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Spatial diffusion of COVID-19: An econometric-based approach.
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  • Phani Devarakonda,
  • Ravi Sadasivuni,
  • Jianhong Wu,
  • David Shaw
Phani Devarakonda
Andhra University

Corresponding Author:[email protected]

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Ravi Sadasivuni
Andhra University
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Jianhong Wu
York University Department of Mathematics and Statistics
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David Shaw
Mississippi State University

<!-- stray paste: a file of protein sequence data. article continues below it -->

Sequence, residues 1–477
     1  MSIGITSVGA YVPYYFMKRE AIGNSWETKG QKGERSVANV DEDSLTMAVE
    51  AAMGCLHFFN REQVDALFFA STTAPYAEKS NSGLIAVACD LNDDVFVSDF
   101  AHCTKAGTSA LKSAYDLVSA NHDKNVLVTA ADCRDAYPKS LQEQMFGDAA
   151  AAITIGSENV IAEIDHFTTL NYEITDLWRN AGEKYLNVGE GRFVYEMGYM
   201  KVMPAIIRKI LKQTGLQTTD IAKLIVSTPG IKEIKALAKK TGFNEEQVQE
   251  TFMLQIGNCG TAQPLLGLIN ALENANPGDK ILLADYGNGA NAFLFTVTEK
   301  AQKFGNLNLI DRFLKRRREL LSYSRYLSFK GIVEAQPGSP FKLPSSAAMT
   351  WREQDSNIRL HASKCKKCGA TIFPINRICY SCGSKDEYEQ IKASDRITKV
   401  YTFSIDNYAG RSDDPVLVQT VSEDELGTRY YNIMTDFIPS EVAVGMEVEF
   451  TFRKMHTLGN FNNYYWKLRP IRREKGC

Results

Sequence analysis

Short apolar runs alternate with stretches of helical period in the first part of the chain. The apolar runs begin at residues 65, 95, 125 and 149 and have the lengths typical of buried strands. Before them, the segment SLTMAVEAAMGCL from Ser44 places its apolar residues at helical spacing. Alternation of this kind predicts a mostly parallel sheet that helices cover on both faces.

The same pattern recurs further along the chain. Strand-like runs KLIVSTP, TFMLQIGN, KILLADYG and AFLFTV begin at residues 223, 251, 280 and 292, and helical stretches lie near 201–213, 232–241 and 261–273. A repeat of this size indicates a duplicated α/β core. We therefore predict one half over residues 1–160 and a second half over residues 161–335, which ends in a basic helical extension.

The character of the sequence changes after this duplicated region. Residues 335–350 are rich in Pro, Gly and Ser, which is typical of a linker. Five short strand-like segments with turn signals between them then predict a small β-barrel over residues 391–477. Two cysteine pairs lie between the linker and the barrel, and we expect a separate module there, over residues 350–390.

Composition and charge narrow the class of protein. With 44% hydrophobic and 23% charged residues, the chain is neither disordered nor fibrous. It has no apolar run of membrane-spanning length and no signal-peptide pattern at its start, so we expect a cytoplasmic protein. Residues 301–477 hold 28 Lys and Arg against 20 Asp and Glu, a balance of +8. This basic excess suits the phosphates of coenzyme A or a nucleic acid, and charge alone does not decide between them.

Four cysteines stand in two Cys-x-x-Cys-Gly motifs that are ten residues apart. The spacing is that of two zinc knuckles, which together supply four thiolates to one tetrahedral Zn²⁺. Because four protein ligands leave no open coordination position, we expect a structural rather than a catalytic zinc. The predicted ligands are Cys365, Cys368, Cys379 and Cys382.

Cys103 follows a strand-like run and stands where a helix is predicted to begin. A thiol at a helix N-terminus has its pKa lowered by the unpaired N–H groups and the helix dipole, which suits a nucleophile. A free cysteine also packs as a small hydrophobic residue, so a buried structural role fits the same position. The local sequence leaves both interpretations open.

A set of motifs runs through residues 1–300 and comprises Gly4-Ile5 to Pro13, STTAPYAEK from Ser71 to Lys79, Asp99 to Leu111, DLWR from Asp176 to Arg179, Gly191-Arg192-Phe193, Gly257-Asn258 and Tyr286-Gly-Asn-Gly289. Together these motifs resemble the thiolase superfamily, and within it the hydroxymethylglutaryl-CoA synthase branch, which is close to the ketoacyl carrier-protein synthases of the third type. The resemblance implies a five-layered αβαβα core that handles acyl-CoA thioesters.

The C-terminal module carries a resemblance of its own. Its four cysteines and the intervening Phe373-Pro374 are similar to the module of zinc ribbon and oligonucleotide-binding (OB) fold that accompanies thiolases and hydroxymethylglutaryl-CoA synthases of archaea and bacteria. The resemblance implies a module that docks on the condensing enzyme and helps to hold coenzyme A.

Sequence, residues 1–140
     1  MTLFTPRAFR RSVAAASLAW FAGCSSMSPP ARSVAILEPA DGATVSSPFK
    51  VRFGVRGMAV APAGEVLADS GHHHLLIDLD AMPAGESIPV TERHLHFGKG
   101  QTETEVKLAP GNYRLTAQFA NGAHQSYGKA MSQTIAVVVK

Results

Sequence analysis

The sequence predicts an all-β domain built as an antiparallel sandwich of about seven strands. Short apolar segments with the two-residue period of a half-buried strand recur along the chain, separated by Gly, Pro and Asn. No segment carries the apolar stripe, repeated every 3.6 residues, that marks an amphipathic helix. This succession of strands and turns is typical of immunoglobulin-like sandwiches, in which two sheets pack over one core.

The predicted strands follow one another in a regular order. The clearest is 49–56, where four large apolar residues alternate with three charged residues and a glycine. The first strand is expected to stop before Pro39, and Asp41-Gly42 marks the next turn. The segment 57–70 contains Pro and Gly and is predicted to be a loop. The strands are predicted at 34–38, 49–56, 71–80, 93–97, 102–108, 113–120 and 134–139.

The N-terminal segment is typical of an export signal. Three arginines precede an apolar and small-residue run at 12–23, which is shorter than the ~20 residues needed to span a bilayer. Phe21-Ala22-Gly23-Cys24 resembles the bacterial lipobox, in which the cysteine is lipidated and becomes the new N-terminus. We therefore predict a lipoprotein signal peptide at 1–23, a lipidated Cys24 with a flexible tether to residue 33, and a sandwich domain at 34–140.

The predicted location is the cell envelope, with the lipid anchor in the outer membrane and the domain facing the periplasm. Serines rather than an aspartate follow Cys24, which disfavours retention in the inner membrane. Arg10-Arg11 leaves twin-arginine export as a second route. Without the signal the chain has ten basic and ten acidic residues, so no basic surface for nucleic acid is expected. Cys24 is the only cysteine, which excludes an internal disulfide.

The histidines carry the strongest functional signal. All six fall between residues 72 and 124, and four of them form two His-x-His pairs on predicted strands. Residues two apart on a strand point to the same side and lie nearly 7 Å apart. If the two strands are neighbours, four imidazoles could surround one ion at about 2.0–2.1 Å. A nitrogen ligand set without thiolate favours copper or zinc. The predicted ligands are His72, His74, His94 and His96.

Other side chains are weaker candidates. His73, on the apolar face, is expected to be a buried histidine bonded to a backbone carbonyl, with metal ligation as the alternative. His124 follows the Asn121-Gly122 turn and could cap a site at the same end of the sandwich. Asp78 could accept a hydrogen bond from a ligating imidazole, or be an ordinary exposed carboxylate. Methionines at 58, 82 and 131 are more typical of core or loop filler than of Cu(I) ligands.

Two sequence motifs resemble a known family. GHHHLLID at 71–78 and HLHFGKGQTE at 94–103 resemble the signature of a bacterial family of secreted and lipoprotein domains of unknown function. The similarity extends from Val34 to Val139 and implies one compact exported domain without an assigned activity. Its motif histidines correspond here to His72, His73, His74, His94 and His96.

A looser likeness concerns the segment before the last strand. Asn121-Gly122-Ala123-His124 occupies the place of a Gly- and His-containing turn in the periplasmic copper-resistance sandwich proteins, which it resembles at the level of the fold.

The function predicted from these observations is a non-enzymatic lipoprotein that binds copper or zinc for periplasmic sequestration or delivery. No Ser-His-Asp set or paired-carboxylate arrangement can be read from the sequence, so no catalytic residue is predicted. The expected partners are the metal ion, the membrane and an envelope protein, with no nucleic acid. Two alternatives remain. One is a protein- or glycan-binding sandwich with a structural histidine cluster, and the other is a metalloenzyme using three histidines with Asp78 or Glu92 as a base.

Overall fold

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An understanding of how infected-susceptible populations interact is critical to identify underlying causal factors and disease transmission patterns of infectious diseases. Disease transmission patterns are dynamic, non-linear, and spatially complex. This anisotropic characteristic of disease spread necessitates the ideal solution to be sensitive to the geographic context. A Spatial Diffusion Model (SDM) to predict interaction potential and COVID-19 risk probability is developed by adapting the Newtonian gravity model. This novel approach overcomes the limitations of existing epidemiological studies by characterizing the behavioral patterns of the infected population to model the spatiotemporal transmission of disease across the geographic space. The proposed model is robust as it couples a multicriteria behavioral pattern to enhance predictive capability. The model shows an 83.74% correlation with the observational COVID-19 case data. The highest risk patterns for COVID-19 are predicted in the neighborhoods of New York City (NYC), exhibiting clustered socioeconomic disparities along with racial and ethnic heterogeneity. Policymakers can use these results to identify neighborhoods at high risk for becoming hot spots; efficiently match community resources with needs, and ensure that the most vulnerable have access to equipment, personnel, and medical interventions. This study emphasizes the need for improved spatial epidemiological models including enhanced depictions of human activity patterns and the need to integrate spatial data with advanced mathematical models.